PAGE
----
Federal candidates spar over security bill

Candidates vying to be Yukon's voice in Parliament sparred with each other by testing their knowledge of the alphabet. It was one of the few moments of unscripted conflict during last night's election forum hosted by the CBC.

Candidates vying to be Yukon’s voice in Parliament sparred with each other by testing their knowledge of the alphabet.

It was one of the few moments of unscripted conflict during last night’s election forum hosted by the CBC.

Incumbent Ryan Leef, Liberal Larry Bagnell, the NDP’s Melissa Atkinson and the Green’s Frank de Jong answered questions from people in the audience, over the phone and on the Internet during the debate broadcast across the territory.

The off-book moment happened following a question about Bill C-51.

That’s the law passed earlier this year that is framed as an anti-terrorism bill, but which some have claimed could erode personal freedoms and privacy.

Leef denied those assertions, insisting the bill does respect personal privacy but gives Canadian law enforcement tools to do their job up against an evolving terrorism threat.

He accused Atkinson of fear-mongering and telling people C-51 could prevent protesting against something like the development of the Peel watershed.

“Our fight is not with the RCMP and CSIS, it’s with ISIS. You’ve got your letters mixed up,” Leef said.

Atkinson, a lawyer and former chair of the Yukon Human Rights Commission, replied with: “I think one of us has a law degree.”

She said the passing of C-51, by both the Liberals and the Conservatives, was part of the reason she decided to run for office.

“When you talk about civil liberties, I know it, it’s the fabric of who I am, I’ve practiced it and I don’t need practice in the alphabet,” she said.

“It’s quite insulting quite frankly.”

Both sides earned applause during the exchange.

Bagnell said a Liberal government would rescind parts of C-51.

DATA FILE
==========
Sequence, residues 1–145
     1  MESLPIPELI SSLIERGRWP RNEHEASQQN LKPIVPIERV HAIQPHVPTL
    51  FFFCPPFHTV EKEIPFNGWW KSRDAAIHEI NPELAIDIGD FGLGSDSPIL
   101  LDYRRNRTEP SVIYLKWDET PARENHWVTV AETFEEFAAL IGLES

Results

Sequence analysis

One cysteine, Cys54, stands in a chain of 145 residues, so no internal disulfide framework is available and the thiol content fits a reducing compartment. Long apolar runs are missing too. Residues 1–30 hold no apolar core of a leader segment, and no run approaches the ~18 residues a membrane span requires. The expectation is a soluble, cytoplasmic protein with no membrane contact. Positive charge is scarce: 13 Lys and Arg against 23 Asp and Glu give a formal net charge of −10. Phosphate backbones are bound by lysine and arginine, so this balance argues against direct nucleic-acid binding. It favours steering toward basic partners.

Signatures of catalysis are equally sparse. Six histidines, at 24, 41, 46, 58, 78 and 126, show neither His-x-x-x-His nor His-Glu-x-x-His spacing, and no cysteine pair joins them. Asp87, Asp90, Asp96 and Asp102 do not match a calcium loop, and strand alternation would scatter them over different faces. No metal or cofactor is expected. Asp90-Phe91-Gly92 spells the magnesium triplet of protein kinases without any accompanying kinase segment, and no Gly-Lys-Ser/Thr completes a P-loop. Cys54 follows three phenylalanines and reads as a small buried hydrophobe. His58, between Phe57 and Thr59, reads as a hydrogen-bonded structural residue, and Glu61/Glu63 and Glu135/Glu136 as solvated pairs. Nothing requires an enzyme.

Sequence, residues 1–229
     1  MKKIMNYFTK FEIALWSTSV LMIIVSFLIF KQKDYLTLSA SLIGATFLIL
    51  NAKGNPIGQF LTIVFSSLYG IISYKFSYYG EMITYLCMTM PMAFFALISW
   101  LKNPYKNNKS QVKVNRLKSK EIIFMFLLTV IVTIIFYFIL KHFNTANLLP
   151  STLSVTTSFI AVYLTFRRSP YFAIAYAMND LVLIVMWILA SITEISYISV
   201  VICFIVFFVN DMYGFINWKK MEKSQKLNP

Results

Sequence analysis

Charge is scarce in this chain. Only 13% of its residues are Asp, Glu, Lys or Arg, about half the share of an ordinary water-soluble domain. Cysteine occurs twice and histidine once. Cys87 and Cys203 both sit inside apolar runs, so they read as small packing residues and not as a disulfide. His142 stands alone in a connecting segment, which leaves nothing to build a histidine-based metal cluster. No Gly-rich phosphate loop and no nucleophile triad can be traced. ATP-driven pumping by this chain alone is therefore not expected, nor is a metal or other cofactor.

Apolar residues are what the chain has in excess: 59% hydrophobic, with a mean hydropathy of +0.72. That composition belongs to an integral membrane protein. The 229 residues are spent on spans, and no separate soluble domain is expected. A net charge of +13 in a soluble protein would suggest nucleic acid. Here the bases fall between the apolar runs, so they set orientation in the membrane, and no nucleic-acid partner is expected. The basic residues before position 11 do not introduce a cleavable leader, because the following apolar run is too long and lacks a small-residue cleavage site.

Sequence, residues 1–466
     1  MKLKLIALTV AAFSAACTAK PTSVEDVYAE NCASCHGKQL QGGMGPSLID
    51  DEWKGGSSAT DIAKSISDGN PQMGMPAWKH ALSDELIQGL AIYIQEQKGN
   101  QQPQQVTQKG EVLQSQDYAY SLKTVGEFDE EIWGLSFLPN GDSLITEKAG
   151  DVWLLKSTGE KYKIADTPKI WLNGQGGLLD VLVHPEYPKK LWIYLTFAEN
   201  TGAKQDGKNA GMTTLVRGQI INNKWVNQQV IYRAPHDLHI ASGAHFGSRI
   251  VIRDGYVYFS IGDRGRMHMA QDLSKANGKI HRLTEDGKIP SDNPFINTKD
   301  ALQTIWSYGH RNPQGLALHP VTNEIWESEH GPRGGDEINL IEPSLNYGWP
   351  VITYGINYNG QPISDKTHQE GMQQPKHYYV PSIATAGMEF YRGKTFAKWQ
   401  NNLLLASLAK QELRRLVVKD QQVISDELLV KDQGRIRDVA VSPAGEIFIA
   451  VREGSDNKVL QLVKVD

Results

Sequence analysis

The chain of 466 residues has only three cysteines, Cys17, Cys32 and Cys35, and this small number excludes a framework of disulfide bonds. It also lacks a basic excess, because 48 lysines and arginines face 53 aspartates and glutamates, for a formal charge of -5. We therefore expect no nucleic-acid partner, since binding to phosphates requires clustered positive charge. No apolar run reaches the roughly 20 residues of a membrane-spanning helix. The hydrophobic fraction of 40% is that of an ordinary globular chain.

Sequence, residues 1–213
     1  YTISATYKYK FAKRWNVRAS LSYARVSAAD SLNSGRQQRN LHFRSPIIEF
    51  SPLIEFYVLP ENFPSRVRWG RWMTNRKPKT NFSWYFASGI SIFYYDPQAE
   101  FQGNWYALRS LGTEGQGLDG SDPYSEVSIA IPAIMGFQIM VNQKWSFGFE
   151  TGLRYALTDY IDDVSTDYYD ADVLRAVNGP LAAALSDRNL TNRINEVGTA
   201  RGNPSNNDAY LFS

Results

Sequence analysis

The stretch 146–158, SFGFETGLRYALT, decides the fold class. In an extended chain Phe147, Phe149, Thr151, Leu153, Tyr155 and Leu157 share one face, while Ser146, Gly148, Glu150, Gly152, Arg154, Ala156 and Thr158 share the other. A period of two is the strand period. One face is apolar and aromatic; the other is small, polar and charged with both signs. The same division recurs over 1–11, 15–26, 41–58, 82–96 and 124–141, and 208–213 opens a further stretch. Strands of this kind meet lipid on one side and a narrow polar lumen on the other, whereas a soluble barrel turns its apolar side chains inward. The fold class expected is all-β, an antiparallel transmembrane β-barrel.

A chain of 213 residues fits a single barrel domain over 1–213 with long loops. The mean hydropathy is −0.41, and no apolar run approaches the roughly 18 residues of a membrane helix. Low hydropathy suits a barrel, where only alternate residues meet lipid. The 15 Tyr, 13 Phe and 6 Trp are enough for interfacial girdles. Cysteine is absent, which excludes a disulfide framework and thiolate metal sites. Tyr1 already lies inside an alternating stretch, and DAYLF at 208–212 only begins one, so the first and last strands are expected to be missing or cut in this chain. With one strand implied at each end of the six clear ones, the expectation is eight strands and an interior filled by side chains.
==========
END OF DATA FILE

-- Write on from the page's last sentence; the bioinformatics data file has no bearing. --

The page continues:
It would also create an all-party oversight committee so politicians would know what the agencies are doing, he said.

De Jong took most of his 60 seconds as an opportunity to make a pitch for electoral reform.

“If we had a system of proportional representation we wouldn’t have had a Conservative government in the first place.”

Incumbent Leef said electoral reform is not something the Conservatives are considering. He also accused the other parties of championing change, but only when they lose.

“I say you can always vote with your heart. You may not get the result you like, but you can always vote and you can always vote for the party you believe in.”

Atkinson, whose party has promised to replace Canada’s first-past-the-post system with proportional representation, said her party believes in electoral form and doing it in the first term they are in office.

Bagnell said the Liberals have also promised to get rid of Canada’s first-past-the-post system. What those changes would look like hasn’t been decided yet, he said. Public consultation would decide what model would work better in Canada, he said.

This is not the last time the four candidates will meet before Election Day. Two forums are scheduled for next week, one hosted by Yukon Registered Nurses Association and one by the Yukon Chamber of Commerce.

Contact Ashley Joannou at

ashleyj@yukon-news.com

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